More than 2.2 million people around the world are legally blind or have poor vision. Contact centers and support systems are often unable to meet their needs. When this happens these customers will simply find an organization that can provide the service they need. This lost business is no longer an acceptable “cost of doing business.” Staying competitive demands designing experiences that provide access for all.

To overcome those barriers, Be My Eyes, a mobile app and the largest global community for visually impaired people, allows contact centers to provide experiences that are accessible to those individuals.

The Be My Eyes app’s native integration enables visually impaired customers to connect with sighted contact center agents for visual assistance on live video calls. The app can be integrated with the contact center partner’s platform, enabling agents to offer immediate answers.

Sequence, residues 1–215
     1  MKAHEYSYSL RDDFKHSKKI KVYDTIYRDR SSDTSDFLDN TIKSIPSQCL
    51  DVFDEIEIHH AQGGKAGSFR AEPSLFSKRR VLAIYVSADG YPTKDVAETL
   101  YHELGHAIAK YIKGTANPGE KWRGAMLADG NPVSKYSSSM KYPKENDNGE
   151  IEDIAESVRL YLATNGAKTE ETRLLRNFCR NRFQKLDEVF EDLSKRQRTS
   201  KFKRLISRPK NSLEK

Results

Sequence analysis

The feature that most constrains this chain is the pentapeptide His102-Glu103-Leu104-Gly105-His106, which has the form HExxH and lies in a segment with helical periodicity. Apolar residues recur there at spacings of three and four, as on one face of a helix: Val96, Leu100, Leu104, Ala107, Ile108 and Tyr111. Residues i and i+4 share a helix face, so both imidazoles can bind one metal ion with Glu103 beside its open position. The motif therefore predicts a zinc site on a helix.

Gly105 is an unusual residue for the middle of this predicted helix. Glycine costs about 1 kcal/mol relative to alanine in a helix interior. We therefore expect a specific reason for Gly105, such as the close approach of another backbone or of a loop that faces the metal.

For example, if a customer is in a drug store shopping for allergy medicine, they can make a video call through Be My Eyes, and the agent on the other end will help them on the spot. It could help locate a product and also recommend related items on sale.

By helping visually impaired customers navigate the sight-biased world, brands can revisit their entire CX to be more inclusive and accessible. More importantly, consumers no longer need to wrestle with a product that doesn’t work for them.

Eric Thomas

Eric Thomas

Eric Thomas leads the Diversity, Equity and Inclusion practice at Genesys. He is charged with developing global programs that deliver progressive diversity and foster an inclusive culture throughout the company. Attracting, developing, and promoting talent that is representative of the communities we serve is a business priority for Genesys, and one that encourages employees to bring their best selves to work every day. Eric holds a bachelor’s degree in business and a master’s degree in business administration from Eastern New Mexico University as well as an executive management certificate from the London School of Business.